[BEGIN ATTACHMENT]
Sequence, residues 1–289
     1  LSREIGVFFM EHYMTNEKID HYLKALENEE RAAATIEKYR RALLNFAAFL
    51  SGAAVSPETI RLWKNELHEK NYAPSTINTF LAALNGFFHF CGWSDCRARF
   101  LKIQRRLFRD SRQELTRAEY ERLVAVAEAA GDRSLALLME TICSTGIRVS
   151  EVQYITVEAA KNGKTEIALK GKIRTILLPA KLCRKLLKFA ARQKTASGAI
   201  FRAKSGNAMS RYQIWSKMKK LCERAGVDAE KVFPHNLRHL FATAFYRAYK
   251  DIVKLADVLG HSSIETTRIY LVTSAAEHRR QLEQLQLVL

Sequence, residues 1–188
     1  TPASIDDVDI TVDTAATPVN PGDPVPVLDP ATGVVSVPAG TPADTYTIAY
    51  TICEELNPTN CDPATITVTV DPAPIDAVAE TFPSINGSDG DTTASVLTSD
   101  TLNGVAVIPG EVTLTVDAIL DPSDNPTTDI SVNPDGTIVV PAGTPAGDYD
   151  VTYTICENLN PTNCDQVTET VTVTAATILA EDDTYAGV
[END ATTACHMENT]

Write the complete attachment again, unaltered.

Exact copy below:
Sequence, residues 1–289
     1  LSREIGVFFM EHYMTNEKID HYLKALENEE RAAATIEKYR RALLNFAAFL
    51  SGAAVSPETI RLWKNELHEK NYAPSTINTF LAALNGFFHF CGWSDCRARF
   101  LKIQRRLFRD SRQELTRAEY ERLVAVAEAA GDRSLALLME TICSTGIRVS
   151  EVQYITVEAA KNGKTEIALK GKIRTILLPA KLCRKLLKFA ARQKTASGAI
   201  FRAKSGNAMS RYQIWSKMKK LCERAGVDAE KVFPHNLRHL FATAFYRAYK
   251  DIVKLADVLG HSSIETTRIY LVTSAAEHRR QLEQLQLVL

Sequence, residues 1–188
     1  TPASIDDVDI TVDTAATPVN PGDPVPVLDP ATGVVSVPAG TPADTYTIAY
    51  TICEELNPTN CDPATITVTV DPAPIDAVAE TFPSINGSDG DTTASVLTSD
   101  TLNGVAVIPG EVTLTVDAIL DPSDNPTTDI SVNPDGTIVV PAGTPAGDYD
   151  VTYTICENLN PTNCDQVTET VTVTAATILA EDDTYAGV